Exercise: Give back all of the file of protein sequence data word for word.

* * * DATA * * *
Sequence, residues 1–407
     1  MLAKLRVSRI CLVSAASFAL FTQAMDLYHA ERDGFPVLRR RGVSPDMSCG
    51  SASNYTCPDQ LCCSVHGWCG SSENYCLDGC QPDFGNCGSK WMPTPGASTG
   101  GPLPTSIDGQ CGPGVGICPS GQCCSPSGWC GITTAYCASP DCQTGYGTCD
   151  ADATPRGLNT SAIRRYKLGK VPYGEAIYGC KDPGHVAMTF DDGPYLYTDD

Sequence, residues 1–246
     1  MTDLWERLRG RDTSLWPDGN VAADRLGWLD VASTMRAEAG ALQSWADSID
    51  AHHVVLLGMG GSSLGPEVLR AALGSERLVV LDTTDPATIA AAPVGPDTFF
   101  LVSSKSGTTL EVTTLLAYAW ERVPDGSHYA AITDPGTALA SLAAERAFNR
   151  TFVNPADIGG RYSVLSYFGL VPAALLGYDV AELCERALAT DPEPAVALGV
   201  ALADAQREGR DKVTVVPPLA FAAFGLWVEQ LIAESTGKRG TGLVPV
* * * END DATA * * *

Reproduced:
Sequence, residues 1–407
     1  MLAKLRVSRI CLVSAASFAL FTQAMDLYHA ERDGFPVLRR RGVSPDMSCG
    51  SASNYTCPDQ LCCSVHGWCG SSENYCLDGC QPDFGNCGSK WMPTPGASTG
   101  GPLPTSIDGQ CGPGVGICPS GQCCSPSGWC GITTAYCASP DCQTGYGTCD
   151  ADATPRGLNT SAIRRYKLGK VPYGEAIYGC KDPGHVAMTF DDGPYLYTDD

Sequence, residues 1–246
     1  MTDLWERLRG RDTSLWPDGN VAADRLGWLD VASTMRAEAG ALQSWADSID
    51  AHHVVLLGMG GSSLGPEVLR AALGSERLVV LDTTDPATIA AAPVGPDTFF
   101  LVSSKSGTTL EVTTLLAYAW ERVPDGSHYA AITDPGTALA SLAAERAFNR
   151  TFVNPADIGG RYSVLSYFGL VPAALLGYDV AELCERALAT DPEPAVALGV
   201  ALADAQREGR DKVTVVPPLA FAAFGLWVEQ LIAESTGKRG TGLVPV